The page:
low priority (Nerenberg, 2000c). Financial crimes may also be given a low priority because investigating and prosecuting financial abuse can be extremely labor-intensive and time consuming. In addition, most police and prosecutors’ offices lack adequate resources for handling complex financial crimes. Advocates for the elderly argue that federal agencies should assist the states in prosecuting elder abuse (AARP, 2001).
Prosecutors may be unwilling to pursue such cases because the elderly may be poor witnesses, particularly if because of diminished mental capacity they are unable to recall details of the crime (Nerenberg, 2000c; Oh, 1999). Particularly frail victims are likely to decline, become incapacitated, or die during the course of what are often protracted proceedings (Nerenberg, 2000c). Elders may find the criminal justice system incomprehensible and inaccessible, particularly when the individual has a physical or mental disability (Nerenberg, 2000c). Calls have been made for improved communication with victims throughout the criminal justice process (Deem, 2000).
Even when a report has been received and an investigation is proceeding, the perpetrator may continue to deplete the elder person’s assets because many states have inadequate laws to freeze the victim’s assets or to limit the perpetrator’s ability to access those assets during the investigation (Nerenberg, 2000c). Complaints have been lodged that victims are not permitted to provide input into how much restitution to impose and that such restitution is often not a priority of the criminal justice system (Deem, 2000). It has been claimed that many judges fail to order restitution, prosecutors seldom ask for it, the system fails to consider the full value of the victims’ financial losses, there is an absence of a designated agency overseeing restitution, and victims are not provided help in recovering funds (Nerenberg, 2000c).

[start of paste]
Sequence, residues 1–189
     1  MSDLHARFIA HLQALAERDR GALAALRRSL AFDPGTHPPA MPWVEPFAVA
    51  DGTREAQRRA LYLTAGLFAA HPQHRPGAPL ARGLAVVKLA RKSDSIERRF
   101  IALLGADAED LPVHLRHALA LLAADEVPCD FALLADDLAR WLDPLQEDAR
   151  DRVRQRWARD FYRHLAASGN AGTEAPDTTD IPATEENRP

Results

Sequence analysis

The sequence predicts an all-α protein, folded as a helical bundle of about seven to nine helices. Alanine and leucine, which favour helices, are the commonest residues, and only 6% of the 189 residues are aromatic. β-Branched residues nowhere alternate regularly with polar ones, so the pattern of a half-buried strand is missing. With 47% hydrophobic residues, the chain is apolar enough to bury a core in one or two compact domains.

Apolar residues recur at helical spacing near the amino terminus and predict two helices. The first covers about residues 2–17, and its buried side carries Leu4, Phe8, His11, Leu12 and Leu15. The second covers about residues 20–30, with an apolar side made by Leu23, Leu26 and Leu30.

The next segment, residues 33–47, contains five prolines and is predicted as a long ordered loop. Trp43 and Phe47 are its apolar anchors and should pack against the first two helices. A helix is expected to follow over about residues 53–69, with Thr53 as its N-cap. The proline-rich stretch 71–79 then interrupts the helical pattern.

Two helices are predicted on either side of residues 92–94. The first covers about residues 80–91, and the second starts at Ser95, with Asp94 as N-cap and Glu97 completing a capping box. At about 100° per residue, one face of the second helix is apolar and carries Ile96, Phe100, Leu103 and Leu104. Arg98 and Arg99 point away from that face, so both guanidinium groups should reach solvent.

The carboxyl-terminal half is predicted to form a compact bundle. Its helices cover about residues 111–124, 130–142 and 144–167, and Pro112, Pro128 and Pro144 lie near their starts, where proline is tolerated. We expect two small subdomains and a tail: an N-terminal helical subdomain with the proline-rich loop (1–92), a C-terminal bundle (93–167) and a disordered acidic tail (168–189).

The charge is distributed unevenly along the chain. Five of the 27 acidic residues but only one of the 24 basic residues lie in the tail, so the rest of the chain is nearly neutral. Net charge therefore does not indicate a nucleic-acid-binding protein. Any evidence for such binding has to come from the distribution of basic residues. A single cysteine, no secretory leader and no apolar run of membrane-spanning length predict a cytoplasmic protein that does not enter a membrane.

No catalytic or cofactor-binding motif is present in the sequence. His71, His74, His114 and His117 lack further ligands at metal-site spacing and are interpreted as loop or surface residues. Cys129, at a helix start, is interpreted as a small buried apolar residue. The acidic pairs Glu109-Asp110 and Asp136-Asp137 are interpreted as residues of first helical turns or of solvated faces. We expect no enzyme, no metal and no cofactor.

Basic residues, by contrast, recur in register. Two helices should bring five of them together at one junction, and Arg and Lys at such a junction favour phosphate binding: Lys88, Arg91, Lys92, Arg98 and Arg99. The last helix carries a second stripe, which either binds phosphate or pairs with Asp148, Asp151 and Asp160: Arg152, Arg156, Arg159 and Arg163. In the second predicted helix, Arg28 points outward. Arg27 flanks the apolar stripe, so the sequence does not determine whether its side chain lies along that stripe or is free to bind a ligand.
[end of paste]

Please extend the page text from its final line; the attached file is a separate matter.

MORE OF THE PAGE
There may also be a lack of a clear definition of where jurisdiction lies in such a case, and if the activities crossed county, state, and federal boundaries, responsibility for investigation and prosecution may be unclear and resisted by various officials (Nerenberg, 2000c). Further complicating the assumption of responsibility is that financial abuse may occur in conjunction with other crimes, such as assault, neglect, or false imprisonment, which are handled by different police or prosecutorial units (Nerenberg, 2000c). Because securing needed evidence can take a long time and because the abuse may not be discovered until long after it occurred, the applicable statute of limitations may pose a significant barrier (Nerenberg, 2000c).
There are two general categories of criminal laws that the states use to punish individuals who financially abuse the elderly (Dessin, 2000). First, such abuse may be criminally prosecuted under the state’s general theft, extortion, or fraud statutes (Dessin, 2000; Moskowitz, 1998b), with some states permitting the sentencing judge to treat the advanced age of the